Shellfish are some of the most important marine animals. People rely heavily on crustaceans for food, but they are also an important source of food for marine life in the ocean food chain.
More diverse than any group of arthropods, shellfish are the second or third most abundant life category of all animals, after insects and vertebrates. They live in the inland and ocean waters from the Arctic to the Antarctic, from the Himalayas heights to the well below sea level.
Shellfish include commonly known marine lives such as crabs, lobsters, and shrimps. According to the Museum of Natural History in Los Angeles County, there are more than 52.000 shellfish species. The largest crustacean is the Japanese Spider, measuring more than 12 meters long and the smallest are microscopic.
The crab, with the scientific name: Brachyura, is a primarily aquatic crustacean that is characterized by the presence of a robust shell and two claws placed on the front legs. They are intelligent and capable of living in both salty and freshwater. So far, 43 crab superfamilies are known.
Originating from China, it has a fairly robust appearance because of the shell, perfectly integrated with the rest of the body.
The crab has a solid shell that protects and contains all the organs, including the mouth and the eyes.
The two front claws are used to feed and defend.
The rest of the legs are for swimming and walking, including for side walking. They can travel several kilometers in one day.
It is able to live in both fresh and salted waters and has a fairly variable size and color, varying from violet to white.
Some species move by swimming, but there are also species that are crawling. The shrimps, which are part of the swimming shellfish, have a light shell and elongated legs. Shellfish that move through crawling generally have a thicker shell and shorter legs than the swimming shellfish.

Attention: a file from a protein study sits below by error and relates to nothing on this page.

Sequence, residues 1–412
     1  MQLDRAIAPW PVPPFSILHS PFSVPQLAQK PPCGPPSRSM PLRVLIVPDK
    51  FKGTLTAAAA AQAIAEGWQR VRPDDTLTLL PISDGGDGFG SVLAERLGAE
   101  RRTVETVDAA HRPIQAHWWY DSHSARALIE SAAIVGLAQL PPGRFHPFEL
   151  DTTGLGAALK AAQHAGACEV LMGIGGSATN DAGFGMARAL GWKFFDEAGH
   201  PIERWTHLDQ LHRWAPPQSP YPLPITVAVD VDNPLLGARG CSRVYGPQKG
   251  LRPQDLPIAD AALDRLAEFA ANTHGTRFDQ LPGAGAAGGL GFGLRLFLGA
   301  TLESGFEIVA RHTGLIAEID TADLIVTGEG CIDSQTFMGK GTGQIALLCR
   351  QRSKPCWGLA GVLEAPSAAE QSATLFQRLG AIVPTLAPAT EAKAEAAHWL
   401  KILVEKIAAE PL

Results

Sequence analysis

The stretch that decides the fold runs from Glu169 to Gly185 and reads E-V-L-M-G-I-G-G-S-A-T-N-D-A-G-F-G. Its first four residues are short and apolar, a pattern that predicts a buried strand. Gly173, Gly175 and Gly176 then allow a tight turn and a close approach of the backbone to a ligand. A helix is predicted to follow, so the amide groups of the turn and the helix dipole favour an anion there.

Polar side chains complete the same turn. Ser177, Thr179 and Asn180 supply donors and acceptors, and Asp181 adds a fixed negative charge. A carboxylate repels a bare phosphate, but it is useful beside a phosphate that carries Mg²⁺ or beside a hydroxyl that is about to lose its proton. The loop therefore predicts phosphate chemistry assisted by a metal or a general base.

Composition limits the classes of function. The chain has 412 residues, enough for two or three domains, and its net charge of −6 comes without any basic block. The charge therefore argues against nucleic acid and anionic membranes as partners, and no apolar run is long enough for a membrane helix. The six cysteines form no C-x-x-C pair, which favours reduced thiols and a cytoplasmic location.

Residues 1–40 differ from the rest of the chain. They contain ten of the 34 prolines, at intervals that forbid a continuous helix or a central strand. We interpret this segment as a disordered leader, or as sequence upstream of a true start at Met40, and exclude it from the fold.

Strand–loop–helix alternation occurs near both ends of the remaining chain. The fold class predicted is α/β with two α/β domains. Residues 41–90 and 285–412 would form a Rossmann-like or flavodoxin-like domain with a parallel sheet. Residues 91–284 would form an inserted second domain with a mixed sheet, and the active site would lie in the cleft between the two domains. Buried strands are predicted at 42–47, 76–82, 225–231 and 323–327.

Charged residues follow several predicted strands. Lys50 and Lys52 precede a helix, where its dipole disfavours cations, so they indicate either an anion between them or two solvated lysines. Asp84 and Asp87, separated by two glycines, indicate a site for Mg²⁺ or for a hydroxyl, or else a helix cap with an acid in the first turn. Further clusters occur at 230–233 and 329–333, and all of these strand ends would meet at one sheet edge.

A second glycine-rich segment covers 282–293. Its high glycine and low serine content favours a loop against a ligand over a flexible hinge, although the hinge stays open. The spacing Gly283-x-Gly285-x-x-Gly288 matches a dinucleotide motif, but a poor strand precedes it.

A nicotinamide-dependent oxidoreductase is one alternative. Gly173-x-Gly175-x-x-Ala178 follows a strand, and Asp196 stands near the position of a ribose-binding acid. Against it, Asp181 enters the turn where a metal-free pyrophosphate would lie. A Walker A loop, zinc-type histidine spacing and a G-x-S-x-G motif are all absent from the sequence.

Walking or crawling is the usual mode of locomotion, and the familiar course known in the common shore crab is characteristic for most members of the group. The Portunidae family crabs as well as others swim with great dexterity through the flat legs shaped like palettes.
Crustaceans breathe oxygen, as do almost all other creatures on earth. Because they are aquatic creatures, they use the same breathing system as fish and breathe oxygen through gills. Gills, a respiratory organ of shellfish, is very similar to lungs in the way it works. Small oxygen molecules are drawn into the bloodstream as they pass through the surface of the gills or lungs. The major difference is that gills inhale oxygen from water and not from the air.
The gills of a crustacean can be found either in the thoracic cavity or in the Appendix. If they are attached, they may be visible. It will look like feathered areas at the end of the legs or at the junction between the legs and the body shells. The feavery effect is due to the structure of the gills, which need as much surface as possible to obtain the greatest oxygen from the water flowing over them.
No, hermit crabs cannot swim. Regardless of whether they are a terrestrial or marine species, hermit crabs are usually found near the shore due to the heavy amount of food and hiding places. The crabs of the land use sea-water ponds to wet the interior of their shells and gills.
Like any other decapods, the blue crabs have 10 feet. However, the back legs are palette-shaped, which makes blue crabs great swimmers. Blue crabs have blue legs and claws, and olive to gray-blue bodies.